As a kid, I always saw myself as growing up to be a kind of Steven Segal, Chuck Norris or Jean-Claude Van Damme kind of guy; matching their respective character traits of being hard as nails, with great facial hair and being irresistible to woman. Little did I know, much to my disappointment, that my later years would reveal that the only similarities were to be found in wearing too much hair product, having ginger tinged ‘facial fuzz’ (and that’s being generous) and being terrible at doing accents.
None the less, it did nothing to deter my 10 year old self from eagerly signing up for Karate lessons at my local sports centre.
Now. To say that I was less than impressed with the skills I managed to hone and develop during my time in white robes would be an understatement. Whilst I did manage to achieve the dizzying heights of an ‘Orange Belt’ (I thank you) I can only imagine that, were I to have needed to ‘unleash hell’ in a desperate situation, my combination of flailing arms, chops and air blocks would have only served to further antagonise my aggressors, prior to me receiving a severe and well deserved pummelling!
But the round house kick that broke the camels back was the embarrassment that ensued at my final grading…in a packed out sports hall, its sparse vicinity and high ceilings perfectly designed to enhance the acoustics of the sparring battles due to commence, we were paired off to go through a rigorous warm up routine.
There was a deathly silence as the Sensei barked his instructions on the next move to be followed. And it was during the final stretch, where my unlucky partner was to push my legs in to my chest that ‘it’ happened…
Some people who are in to martial arts break wooden boards with their hands or feet. As it turns out, I break wind (alongside breaking the spirit of the poor guy partnered with me)! Those high ceilings did nothing to hide my shame – if anything, the echo that followed only served to make things worse! I could almost sense Mr.Miyagi’s disapproving blushes between the stifled chuckles and chatter of the onlooking parents and siblings…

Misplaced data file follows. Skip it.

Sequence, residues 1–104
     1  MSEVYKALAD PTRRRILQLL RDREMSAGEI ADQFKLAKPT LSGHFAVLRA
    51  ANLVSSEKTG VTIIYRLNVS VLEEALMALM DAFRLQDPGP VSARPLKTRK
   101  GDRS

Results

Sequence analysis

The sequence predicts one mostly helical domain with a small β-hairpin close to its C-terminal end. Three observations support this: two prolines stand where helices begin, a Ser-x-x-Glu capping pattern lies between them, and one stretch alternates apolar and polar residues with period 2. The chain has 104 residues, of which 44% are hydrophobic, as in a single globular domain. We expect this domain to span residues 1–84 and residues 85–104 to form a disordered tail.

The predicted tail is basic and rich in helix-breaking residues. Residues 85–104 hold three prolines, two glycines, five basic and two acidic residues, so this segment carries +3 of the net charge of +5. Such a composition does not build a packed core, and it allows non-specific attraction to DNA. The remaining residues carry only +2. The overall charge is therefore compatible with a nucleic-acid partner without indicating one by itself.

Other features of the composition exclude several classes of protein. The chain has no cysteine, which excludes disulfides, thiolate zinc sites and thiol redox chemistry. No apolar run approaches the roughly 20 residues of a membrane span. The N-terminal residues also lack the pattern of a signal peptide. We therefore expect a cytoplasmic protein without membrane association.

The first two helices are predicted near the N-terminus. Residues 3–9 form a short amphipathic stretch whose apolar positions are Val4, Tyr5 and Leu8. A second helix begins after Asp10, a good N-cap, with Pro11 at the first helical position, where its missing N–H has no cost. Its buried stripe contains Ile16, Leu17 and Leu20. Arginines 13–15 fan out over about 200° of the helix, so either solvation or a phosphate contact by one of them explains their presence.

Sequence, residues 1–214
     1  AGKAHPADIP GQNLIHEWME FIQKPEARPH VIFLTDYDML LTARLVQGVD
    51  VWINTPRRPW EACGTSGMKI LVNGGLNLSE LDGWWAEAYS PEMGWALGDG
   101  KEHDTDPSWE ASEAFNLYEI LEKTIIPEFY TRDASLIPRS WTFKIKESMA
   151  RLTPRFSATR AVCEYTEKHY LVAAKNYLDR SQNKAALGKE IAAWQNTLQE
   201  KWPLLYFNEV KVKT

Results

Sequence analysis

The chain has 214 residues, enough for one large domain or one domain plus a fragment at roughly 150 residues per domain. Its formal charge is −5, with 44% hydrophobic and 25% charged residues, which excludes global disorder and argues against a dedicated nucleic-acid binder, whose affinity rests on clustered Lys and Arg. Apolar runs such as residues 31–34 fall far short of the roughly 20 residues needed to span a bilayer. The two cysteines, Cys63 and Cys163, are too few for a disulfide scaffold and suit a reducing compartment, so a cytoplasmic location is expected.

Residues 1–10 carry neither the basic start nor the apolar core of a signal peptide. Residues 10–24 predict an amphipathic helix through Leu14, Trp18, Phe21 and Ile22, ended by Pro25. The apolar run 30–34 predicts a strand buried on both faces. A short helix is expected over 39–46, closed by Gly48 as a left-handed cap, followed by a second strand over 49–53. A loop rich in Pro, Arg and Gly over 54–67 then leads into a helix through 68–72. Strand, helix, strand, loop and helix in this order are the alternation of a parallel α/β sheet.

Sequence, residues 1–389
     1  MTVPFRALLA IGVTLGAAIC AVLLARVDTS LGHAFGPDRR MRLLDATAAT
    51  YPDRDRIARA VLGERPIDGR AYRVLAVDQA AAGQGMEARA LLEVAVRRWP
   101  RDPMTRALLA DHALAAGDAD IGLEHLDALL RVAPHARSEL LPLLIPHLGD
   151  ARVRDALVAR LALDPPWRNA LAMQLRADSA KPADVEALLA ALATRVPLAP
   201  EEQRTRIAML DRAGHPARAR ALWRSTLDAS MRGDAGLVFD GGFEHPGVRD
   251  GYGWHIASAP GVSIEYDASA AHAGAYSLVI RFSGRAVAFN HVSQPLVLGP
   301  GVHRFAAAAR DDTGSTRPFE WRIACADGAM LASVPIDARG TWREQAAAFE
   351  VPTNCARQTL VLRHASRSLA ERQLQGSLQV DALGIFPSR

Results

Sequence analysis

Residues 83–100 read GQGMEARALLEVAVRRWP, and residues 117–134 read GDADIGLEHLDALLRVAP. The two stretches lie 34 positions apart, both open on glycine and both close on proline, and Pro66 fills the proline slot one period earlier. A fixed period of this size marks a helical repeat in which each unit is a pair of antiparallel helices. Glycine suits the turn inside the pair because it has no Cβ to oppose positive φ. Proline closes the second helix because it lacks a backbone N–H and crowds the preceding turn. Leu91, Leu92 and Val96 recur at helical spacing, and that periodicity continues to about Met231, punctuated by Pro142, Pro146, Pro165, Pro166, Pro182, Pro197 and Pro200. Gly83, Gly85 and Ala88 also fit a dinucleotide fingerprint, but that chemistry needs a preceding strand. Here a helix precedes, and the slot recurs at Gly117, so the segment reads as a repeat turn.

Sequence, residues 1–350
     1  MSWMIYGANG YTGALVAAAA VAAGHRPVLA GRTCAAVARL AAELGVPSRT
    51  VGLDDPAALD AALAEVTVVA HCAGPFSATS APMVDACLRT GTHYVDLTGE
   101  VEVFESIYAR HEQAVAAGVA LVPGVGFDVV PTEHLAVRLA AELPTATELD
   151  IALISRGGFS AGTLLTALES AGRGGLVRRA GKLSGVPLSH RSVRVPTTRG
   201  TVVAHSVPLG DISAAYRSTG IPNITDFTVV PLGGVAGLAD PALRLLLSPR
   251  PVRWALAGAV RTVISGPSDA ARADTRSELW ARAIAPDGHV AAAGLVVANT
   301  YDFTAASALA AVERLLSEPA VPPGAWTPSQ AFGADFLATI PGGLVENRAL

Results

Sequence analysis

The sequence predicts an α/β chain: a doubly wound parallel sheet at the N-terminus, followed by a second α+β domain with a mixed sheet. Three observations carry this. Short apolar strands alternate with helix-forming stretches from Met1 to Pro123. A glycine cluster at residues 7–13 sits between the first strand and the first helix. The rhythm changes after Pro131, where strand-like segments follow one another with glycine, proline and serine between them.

And so it was that my Bruce Lee ambitions were laid to rest, my face reminiscent of the Red Belt I would never attain, too ashamed was I to return to next weeks class.
For years I thought that my brief and shameful flirtation with with Karate was the start and end of my relationship with Japan. That was until a peace offering arrived in the post. A delightful little package that promised to pack a powerful punch of an entirely different kind – a new 5cl sample of ‘Kokoro Gin’; ‘An exceptional British spirit, with a distinctive Japanese heart’ (yes, I said ‘heart’!)…
But before we go any further; who are Kokoro Gin, and why was I so excited about its arrival? Well, kon’nichiwa – let’s take a look…
Kokoro Gin has a real family feel throughout. Let’s start with its founders. James Nicol and Barry Darnell, brothers-in-law, launched their gin in September 2016. But there is a third star to this story, and one that takes us all the way out to the Afan Woodland, Japan. You see, it was James’ uncle Clive William Nicol (or ‘Uncle Nic’), described on the brands website as being an adventurer, an arctic explorer, a pro wrestler, a writer, a singer, a blackbelt master (show off), an Inuit, a ranger, a advertising model, a TV presenter, a comedian, a conservationist & a man of infinite wisdom’ (AKA, ‘top bloke’), who discovered the key ingredient that makes Kokoro truly stand out from the crowd; the Sansho berry.